Fate unclear for Perdue’s immigration bill after Trump’s DACA move

President Donald Trump shakes hands with Sen. David Perdue (R-GA) during an immigration announcement at the White House in August. Zach Gibson – Pool/Getty Images

WASHINGTON – Georgia U.S. Sen. David Perdue thinks President Donald Trump’s decision to rescind an Obama-era program for young illegal immigrants opens the door for his own proposal remaking the country’s legal immigration system. But Perdue faces stiff opposition as he looks to jump-start support for his bill given how entrenched the issue of immigration is on Capitol Hill.

When Trump announced earlier this week that he was terminating the Deferred Action for Childhood Arrivals program, known as DACA, he gave Congress six months to act. Press Secretary Sarah Huckabee Sanders also indicated the White House would want something from the Democrats in exchange for protecting the undocumented young people brought to the U.S. as children, known as Dreamers, through legislation.

Cue Perdue. The first-term Georgia Republican was quick to argue that his proposal, which would tamp down on the number of visas the country grants each year and refocus the system on skilled migrants, perfectly fit the bill.

“It’s funny what happens when the President of the United States says we need to go in a certain direction,” he said Wednesday.

His legislation has received little traction among Senate leaders after it was first rolled out in February and revamped in August with the president’s seal of approval. But Perdue on Wednesday said momentum was beginning to pick up after Trump’s DACA announcement.

Read more:  What’s in Perdue’s legal immigration overhaul?

Indeed, a group of conservative Republicans introduced a companion bill in the House on Thursday. On hand were Georgia lawmakers Buddy Carter and Jody Hice.

“I think the time has come that we bring our immigration policy up to the 21st century and have people come into the United States who are the best of the best as well as have a robust guest worker program,” Hice said.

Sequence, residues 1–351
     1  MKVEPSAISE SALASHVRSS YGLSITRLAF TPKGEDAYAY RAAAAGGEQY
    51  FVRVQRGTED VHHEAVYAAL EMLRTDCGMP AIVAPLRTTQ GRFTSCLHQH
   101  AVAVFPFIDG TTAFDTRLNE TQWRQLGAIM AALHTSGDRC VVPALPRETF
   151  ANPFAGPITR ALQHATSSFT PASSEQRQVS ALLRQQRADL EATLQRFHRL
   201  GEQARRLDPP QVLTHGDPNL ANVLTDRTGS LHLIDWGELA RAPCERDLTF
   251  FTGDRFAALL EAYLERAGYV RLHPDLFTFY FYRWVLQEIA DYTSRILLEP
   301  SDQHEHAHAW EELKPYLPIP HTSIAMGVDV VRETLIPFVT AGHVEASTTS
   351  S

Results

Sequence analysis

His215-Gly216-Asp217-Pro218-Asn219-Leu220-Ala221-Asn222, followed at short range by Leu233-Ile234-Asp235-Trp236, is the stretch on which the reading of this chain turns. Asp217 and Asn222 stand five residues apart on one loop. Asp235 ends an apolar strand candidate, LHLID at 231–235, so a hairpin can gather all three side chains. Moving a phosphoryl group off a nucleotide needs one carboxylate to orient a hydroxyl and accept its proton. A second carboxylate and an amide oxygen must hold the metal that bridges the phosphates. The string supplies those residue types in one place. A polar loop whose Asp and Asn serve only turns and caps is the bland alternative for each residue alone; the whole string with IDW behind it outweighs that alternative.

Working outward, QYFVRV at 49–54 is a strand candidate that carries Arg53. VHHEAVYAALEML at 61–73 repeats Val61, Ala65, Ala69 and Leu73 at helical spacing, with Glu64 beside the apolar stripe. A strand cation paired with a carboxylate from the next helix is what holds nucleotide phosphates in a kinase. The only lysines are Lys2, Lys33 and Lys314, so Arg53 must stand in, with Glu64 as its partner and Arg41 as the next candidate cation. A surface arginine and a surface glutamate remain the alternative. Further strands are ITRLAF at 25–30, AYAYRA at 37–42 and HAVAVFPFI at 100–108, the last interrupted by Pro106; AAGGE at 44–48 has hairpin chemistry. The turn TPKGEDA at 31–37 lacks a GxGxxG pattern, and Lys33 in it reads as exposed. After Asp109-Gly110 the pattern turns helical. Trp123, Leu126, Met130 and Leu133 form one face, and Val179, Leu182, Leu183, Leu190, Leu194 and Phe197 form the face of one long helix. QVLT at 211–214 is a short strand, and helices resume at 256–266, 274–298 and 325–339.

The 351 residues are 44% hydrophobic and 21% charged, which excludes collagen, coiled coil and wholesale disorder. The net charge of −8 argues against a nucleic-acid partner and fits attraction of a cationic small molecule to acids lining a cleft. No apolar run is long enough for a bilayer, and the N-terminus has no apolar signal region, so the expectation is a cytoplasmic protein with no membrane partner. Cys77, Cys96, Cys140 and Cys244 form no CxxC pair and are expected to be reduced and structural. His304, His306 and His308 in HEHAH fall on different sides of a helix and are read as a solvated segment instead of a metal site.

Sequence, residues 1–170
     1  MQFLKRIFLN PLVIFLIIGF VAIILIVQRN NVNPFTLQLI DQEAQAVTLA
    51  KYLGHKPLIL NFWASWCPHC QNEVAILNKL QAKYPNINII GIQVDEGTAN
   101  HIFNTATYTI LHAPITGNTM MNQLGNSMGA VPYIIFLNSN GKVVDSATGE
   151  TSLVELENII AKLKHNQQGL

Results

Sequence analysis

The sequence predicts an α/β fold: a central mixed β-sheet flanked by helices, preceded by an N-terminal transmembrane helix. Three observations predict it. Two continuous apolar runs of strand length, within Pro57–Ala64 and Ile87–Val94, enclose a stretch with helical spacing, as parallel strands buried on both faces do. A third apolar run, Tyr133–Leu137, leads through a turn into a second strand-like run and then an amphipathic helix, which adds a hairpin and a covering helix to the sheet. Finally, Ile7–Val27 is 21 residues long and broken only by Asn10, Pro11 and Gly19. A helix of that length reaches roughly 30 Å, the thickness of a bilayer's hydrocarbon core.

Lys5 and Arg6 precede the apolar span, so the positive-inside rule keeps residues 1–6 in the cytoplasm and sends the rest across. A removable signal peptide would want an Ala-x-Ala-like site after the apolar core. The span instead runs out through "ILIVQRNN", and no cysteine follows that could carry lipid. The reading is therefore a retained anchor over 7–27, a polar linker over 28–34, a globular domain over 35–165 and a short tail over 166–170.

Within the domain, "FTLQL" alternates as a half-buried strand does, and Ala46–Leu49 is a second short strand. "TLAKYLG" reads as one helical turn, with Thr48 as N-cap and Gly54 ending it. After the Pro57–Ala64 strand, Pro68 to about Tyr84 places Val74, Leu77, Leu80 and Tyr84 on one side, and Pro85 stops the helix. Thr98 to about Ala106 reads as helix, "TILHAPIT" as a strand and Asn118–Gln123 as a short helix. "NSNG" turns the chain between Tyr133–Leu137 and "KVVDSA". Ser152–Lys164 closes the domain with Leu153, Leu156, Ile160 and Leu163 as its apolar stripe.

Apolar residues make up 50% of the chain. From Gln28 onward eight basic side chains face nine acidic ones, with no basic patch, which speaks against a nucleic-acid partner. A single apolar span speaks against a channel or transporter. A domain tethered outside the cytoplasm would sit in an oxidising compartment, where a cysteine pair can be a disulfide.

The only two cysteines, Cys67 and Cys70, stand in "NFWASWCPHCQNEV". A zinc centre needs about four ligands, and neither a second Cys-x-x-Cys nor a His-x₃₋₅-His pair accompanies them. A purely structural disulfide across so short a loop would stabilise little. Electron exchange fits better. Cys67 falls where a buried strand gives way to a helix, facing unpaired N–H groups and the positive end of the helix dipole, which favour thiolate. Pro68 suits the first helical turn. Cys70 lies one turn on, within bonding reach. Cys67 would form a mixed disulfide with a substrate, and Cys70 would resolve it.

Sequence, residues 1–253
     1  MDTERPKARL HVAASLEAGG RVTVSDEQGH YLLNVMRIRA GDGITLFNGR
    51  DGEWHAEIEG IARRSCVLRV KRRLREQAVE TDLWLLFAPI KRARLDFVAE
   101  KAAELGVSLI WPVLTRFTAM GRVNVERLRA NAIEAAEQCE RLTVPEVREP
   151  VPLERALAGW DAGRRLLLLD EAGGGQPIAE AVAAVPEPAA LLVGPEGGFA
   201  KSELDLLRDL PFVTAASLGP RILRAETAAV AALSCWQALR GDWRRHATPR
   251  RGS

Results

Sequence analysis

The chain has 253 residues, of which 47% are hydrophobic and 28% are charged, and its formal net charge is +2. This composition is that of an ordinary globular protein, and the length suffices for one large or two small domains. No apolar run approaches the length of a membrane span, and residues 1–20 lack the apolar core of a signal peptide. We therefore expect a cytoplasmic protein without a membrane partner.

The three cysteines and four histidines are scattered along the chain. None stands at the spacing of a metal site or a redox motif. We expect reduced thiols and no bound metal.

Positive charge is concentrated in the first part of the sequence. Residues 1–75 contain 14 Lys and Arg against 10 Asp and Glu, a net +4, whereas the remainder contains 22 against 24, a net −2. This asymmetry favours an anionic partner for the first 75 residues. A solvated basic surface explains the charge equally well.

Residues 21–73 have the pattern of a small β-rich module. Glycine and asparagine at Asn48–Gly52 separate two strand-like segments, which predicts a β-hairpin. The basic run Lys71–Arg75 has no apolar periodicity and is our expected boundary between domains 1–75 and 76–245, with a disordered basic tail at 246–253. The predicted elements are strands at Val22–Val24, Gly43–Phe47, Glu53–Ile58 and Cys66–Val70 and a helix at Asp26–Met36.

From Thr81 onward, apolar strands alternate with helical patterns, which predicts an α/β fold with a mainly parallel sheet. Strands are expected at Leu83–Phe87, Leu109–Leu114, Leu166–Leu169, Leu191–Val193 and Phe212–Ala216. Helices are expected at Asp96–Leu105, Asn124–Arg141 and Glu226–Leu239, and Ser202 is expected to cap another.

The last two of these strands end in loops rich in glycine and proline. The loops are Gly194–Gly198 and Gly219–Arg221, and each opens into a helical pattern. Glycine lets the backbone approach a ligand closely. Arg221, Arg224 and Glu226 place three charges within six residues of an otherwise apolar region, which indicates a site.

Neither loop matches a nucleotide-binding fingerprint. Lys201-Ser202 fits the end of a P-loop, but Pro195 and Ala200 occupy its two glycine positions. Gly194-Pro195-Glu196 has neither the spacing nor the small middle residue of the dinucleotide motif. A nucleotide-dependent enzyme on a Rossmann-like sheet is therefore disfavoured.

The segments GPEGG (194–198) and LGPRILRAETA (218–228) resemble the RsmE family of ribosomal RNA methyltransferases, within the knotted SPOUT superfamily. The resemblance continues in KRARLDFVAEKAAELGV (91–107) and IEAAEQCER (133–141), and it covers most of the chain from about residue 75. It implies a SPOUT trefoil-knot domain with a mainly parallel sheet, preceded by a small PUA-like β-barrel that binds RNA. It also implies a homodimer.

House and Senate Republican leaders have not divulged exactly what they would like to do with DACA but indicated they would follow Trump’s lead.

But some GOP senators, especially those who backed the Senate’s comprehensive immigration bill in 2013, indicated the RAISE Act wouldn’t fly in the chamber since leaders would need to forge a compromise with Democrats to get enough votes.

“I think that’s too big a lift. I don’t think the Democrats would go anywhere near it,” said Arizona Republican Jeff Flake. “To cut legal immigration in half — that’s a massive change to our legal immigration structure.”

Dick Durbin of Illinois, the Senate’s No. 2 Democrat and a big DACA proponent, said he would not support Perdue’s bill if leaders tried to attach it to the Dream Act.

“When you pick off that piece (legal immigration) and just say we’re going to cut legal immigration in half it’s going to cause some real hardship,” he said.

Some media outlets have reported that lawmakers are much more likely to settle on a deal that exchanges beefed up border security and enforcement in exchange for passage of the Dream Act, with Perdue’s immigration bill and money for a border wall effectively non-starters.

Lindsey Graham, R-S.C., a supporter of the 2013, said that’s where he sees the biggest avenue for a deal.

“Most Democrats are for border security. A lot of Republicans are for helping the dreamers, so there’s a bill to be done,” he said.

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